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MA Senior Care: How to Pay for Emergency Medical Needs

When an aging spouse or loved one undergoes a medical emergency, such as a fall resulting in broken bones, serious questions arise about what to do next. Finding them the

POSTED ON: February 14, 2012

When an aging spouse or loved one undergoes a medical emergency, such as a fall resulting in broken bones, serious questions arise about what to do next. Finding them the best medical care is first and foremost, but just as worrisome can be the question of how to pay for the services that their care providers are recommending.

Often, seniors who experience a fall or other serious injury will, after an emergency room visit, end up in the rehabilitation wing of a local nursing home. If the rehabilitation facility stay is for 100 days or less, then Medicare will pay for most of the bill, provided the senior continues to improve during that time.

Beyond that period or if the patient stops improving, family will need to pay privately unless the senior qualifies for MassHealth (the name for Medicaid in Massachusetts).

In order to qualify for MassHealth, applicants need to have less than $2,000 in “countable assets.” If a spouse is still living in the community, he or she can have as much as $113,640 in their own name and unlimited income.

Without preplanning for MassHealth eligibility using irrevocable trusts, seniors often are faced with having to spend down their hard earned assets in order to qualify. However, there are other options available for those who need immediate care.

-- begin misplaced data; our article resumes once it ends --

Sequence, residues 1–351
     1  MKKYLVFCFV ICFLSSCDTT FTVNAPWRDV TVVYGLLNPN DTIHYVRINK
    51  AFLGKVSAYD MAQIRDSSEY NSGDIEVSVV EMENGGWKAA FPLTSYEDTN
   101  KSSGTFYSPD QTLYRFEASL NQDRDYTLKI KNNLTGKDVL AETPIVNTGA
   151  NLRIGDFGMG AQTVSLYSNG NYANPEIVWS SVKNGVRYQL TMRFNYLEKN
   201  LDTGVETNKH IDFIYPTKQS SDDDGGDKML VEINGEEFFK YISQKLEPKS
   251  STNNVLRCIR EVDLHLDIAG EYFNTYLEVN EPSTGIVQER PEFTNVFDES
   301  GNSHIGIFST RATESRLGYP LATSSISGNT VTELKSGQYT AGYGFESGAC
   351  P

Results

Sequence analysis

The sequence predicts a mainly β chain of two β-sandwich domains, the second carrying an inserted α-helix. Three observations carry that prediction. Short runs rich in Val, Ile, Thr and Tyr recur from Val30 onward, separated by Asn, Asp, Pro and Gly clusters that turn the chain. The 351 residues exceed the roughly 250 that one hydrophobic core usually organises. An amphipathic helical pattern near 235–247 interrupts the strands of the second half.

Under the MassHealth regulations, spouses living in the community can have an unlimited amount of income. If a couple has assets over the MassHealth asset limits they could transfer the excess funds into the community spouse’s individual name, and have that spouse purchase an annuity in an amount sufficient to reduce his assets below $113,640. The community spouse would then meet the MassHealth asset requirement for community spouses and the spouse in need of care could qualify for MassHealth. Once the community spouse begins receiving his monthly annuity payments, he can save the annuity payments he receives each month without penalty.

Transfers between spouses are not included in MassHealth’s five year “look-back period” on disqualifying transfers. However, the annuity used in this strategy must meet certain requirements, including that it be irrevocable.

This strategy is especially useful for seniors facing an immediate need. In fact, it is possible to institute these asset transfers and annuity purchases literally the day before applying for MassHealth.

If your loved one needs immediate medical care and you are worried about how medical costs will affect your family’s quality of life and legacy, call the MassHealth Medicaid planning attorneys of the Heritage Law Center to discuss whether this may be a good strategy for you.